Sausage tree - A bit of African magic

Troop Exercises under red Flag

02. September 2016, inke - Discover Namibia

Dust whirls up as the men march forward, thundering across the sandy field. Orders ring out back and forth, riders decorated with medals file past on their horses. On one side of the field women line up in a long double row. The men are dressed in khaki uniforms, the women wear voluminous black and red Victorian-style dresses and a red head-garb resembling the horns of cattle.The ceremonial procession of the Hereros in Okahandja, known as Herero Day and also as Red Flag Day, takes place every year on a Sunday at the end of August.

Troop Exercises under red Flag

Brukkaros - A Crater caused by an Explosion

19. August 2016, inke - Discover Namibia

Many believe that the enormous crater of Brukkaros west of the national road between Mariental and Keetmanshoop is an extinct volcano. Geologists initially shared this opinion because of the mountain’s external shape. It is 1,603 metres high, rising 600 metres above the plain, and the shape of the slope is typical of a volcano. But the rock types that are usually found in the vicinity of fire-spitting mountains are absent around Brukkaros. Only when geologists studied the rocks in and around the crater thoroughly was the secret of the formation of Brukkaros finally unravelled.

Brukkaros - A Crater caused by an Explosion

The Quiver Tree - Symbol of the South

12. August 2016, inke - Discover Namibia

As guests explore the Canyon Village they will come across clusters of curiously beautiful quiver trees along the way, thanks to a project launched by the Gondwana Collection that aims to preserve these extraordinary but rapidly declining trees. The quiver tree is one of Namibia’s national plants and is widely regarded as a symbol of the south. The fascinating trees were named by Simon van der Stel in 1685 after he was told that the San (Bushmen) used the branches to make quivers for their arrows.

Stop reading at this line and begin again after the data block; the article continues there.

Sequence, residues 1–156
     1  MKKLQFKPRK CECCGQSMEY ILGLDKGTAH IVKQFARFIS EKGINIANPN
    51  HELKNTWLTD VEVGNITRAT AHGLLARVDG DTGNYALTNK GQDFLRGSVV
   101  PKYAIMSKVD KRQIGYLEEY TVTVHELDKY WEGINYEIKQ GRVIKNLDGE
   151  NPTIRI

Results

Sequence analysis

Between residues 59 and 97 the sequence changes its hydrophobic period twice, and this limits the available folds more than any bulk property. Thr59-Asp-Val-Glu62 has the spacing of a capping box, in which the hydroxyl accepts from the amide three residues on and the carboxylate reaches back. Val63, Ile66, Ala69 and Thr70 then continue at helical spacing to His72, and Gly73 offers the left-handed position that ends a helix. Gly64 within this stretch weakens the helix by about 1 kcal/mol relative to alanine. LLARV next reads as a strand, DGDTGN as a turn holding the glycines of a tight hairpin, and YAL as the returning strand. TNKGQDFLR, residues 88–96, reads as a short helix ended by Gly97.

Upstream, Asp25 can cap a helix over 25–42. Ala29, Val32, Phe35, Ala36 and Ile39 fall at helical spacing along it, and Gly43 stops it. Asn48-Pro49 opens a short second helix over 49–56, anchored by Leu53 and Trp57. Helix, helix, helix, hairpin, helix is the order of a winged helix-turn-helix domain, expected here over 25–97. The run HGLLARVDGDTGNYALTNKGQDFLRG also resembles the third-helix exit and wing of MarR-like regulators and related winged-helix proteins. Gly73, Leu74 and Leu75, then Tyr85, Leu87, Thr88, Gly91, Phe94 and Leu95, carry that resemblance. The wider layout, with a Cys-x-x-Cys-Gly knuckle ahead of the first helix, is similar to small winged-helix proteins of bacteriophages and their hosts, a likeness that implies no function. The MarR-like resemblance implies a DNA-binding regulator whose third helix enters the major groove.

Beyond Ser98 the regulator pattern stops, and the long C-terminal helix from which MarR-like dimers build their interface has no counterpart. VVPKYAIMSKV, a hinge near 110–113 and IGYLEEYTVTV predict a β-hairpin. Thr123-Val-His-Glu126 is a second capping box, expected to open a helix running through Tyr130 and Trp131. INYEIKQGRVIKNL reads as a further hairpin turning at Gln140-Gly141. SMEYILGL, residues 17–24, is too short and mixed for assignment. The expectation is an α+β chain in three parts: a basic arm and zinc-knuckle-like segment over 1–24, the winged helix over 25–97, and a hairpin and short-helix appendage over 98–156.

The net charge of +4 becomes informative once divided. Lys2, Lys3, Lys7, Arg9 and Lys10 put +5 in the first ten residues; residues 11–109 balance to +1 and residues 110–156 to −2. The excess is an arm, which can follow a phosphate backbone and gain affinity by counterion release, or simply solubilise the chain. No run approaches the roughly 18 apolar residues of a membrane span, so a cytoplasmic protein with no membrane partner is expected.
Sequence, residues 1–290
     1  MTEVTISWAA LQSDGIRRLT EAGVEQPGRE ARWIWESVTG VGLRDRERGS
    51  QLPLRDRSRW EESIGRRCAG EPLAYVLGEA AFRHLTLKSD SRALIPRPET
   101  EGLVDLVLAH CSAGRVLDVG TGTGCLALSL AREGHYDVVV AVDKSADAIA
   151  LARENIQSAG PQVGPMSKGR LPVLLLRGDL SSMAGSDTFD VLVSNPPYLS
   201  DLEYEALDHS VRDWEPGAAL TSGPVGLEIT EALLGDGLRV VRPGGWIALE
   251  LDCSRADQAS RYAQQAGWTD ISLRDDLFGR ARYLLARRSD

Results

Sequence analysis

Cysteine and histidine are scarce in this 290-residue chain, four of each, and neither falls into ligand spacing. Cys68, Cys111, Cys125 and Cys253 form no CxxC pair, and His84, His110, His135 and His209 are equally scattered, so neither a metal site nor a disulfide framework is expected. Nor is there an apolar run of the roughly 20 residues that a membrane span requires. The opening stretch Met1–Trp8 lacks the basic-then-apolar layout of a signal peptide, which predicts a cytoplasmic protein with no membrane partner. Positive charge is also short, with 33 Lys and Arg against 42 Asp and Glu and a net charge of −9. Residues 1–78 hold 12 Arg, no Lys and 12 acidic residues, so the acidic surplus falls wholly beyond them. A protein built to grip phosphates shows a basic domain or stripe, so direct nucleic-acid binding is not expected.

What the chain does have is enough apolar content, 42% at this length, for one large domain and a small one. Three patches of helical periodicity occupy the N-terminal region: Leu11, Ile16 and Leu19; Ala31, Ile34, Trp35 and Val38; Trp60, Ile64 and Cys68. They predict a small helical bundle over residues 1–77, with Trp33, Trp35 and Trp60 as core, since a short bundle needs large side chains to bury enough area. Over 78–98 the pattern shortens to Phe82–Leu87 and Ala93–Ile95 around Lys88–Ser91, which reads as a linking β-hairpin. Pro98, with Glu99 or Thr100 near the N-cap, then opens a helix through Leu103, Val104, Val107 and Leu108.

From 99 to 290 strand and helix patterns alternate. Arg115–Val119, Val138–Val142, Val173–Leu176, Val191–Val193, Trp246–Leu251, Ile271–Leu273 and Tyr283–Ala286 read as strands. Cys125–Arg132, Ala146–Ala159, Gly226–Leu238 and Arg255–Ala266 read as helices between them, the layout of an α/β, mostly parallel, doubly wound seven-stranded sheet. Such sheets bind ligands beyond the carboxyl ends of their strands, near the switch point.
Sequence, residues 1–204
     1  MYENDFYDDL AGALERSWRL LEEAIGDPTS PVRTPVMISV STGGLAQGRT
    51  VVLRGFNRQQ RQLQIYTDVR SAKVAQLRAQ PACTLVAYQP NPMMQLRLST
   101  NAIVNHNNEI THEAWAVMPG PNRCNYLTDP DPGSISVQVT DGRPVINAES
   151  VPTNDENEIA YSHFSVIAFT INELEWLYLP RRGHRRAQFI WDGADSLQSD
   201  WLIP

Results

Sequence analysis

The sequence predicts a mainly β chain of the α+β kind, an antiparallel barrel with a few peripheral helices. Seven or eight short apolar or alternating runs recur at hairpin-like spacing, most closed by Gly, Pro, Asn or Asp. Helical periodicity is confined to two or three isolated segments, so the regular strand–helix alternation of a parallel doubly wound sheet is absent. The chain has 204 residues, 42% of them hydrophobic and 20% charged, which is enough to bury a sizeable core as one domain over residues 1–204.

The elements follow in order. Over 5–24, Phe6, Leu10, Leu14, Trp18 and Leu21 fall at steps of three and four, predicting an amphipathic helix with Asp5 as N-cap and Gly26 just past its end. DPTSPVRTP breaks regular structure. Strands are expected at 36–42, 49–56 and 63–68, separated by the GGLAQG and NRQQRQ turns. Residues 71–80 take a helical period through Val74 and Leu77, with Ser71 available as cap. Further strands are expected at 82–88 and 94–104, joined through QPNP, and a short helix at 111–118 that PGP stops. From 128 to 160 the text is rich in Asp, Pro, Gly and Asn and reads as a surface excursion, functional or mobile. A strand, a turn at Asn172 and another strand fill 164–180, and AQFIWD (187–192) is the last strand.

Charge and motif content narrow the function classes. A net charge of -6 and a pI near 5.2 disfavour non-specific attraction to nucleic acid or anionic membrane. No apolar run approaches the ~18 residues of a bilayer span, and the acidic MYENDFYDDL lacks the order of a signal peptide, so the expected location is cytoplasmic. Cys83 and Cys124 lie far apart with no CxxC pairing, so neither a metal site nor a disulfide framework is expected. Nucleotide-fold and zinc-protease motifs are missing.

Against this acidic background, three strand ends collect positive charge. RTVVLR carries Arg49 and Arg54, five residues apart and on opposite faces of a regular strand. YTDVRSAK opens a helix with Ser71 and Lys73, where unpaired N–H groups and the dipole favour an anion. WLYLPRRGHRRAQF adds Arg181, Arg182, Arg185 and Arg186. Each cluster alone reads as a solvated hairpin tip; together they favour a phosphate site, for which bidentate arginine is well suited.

The Quiver Tree - Symbol of the South

Sand fleas and wooden huts - the beginnings of Swakopmund

05. August 2016, inke - Discover Namibia

Swakopmund was created out of necessity because the German colony urgently needed a harbour. The bay 30 kilometres to the south, Walvis Bay, was already in British possession when South West Africa was declared a protectorate of Imperial Germany. In 1892 the Reichskommissar (commissioner) of the German colony, Curt von François, began searching the central part of the coastline for a site suitable for a harbour.  

Sand fleas and wooden huts - the beginnings of Swakopmund

Dune Lark - Namibia’s only truly endemic Bird

29. July 2016, inke - Discover Namibia

The Dune Lark is one of the most desert-adapted birds in the world. It lives on sparsely vegetated sand dunes in the Namib. It does not drink water and it feeds on whatever seeds and insects it can find. It has a number of interesting behaviour patterns that help it survive in the intense heat and aridity of the Namib sand dunes. It searches for food mainly in the morning and late afternoon, running rapidly over the bare sand between patches of vegetation. The hotter it gets, the longer are the bird’s strides. 

Dune Lark - Namibia’s only truly endemic Bird